Connectivity: When Josh and I landed at 2:30 Friday afternoon, we hit the ground running. Before returning to our Airbnb that evening, we had crossed the Boston Common, climbed up and over Beacon Hill, visited a coffee shop, walked through the Back Bay, attended a concert, drank another coffee, and eaten dinner. While Josh and I are both notorious for being quick movers, the city provided most of the opportunity for this sort of evening. In a city less connected, we would have more likely than not, driven a vehicle at some point. This alone would have cut out most of our spontaneous moves. We certainly would not have stumbled upon the free concert at Berklee, and we would have wasted time driving around looking for a restaurant. This is the point the authors of Suburban Nation share.
“Now.. the eight-hour day has once again become the ten-hour day. These two hours, once the most interesting, varried, socially productive hours of the day, have come some of the most stressful and unpleasant. They were not so bad when spent on a commuter train — at least it was possible to sleep, read the news, or do the crossword — but these activities are not possible behind the wheel… wouldn’t they weather, if given the chance, take those twelve work weeks, take the $6,000 annual cost of an inexpensive second car, and spend it all on a magnificent vacation?”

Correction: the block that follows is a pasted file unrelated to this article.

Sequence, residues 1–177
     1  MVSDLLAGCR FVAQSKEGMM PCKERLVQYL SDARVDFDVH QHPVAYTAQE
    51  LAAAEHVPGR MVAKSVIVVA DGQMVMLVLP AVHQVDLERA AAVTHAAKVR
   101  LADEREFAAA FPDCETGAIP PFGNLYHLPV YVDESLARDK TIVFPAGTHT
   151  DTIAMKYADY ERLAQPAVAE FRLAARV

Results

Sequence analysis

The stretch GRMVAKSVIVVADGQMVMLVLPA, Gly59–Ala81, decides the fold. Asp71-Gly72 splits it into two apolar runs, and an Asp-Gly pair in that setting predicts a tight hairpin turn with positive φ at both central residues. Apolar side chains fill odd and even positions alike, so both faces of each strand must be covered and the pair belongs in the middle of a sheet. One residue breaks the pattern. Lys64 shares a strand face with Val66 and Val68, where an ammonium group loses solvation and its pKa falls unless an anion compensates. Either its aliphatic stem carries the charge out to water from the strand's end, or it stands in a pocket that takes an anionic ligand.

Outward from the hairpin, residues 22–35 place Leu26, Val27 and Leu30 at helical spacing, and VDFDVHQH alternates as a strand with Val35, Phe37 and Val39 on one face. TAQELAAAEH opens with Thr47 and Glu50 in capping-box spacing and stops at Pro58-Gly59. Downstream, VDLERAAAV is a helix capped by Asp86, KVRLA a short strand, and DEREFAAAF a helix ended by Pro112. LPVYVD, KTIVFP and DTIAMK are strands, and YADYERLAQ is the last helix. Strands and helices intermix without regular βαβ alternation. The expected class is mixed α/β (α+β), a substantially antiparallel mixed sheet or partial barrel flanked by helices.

— Suburban Nation: The Rise of Sprawl and the Decline of the American Dream
Boston gave us time and opportunity. Great urban spaces connect us with the places and people worth seeing.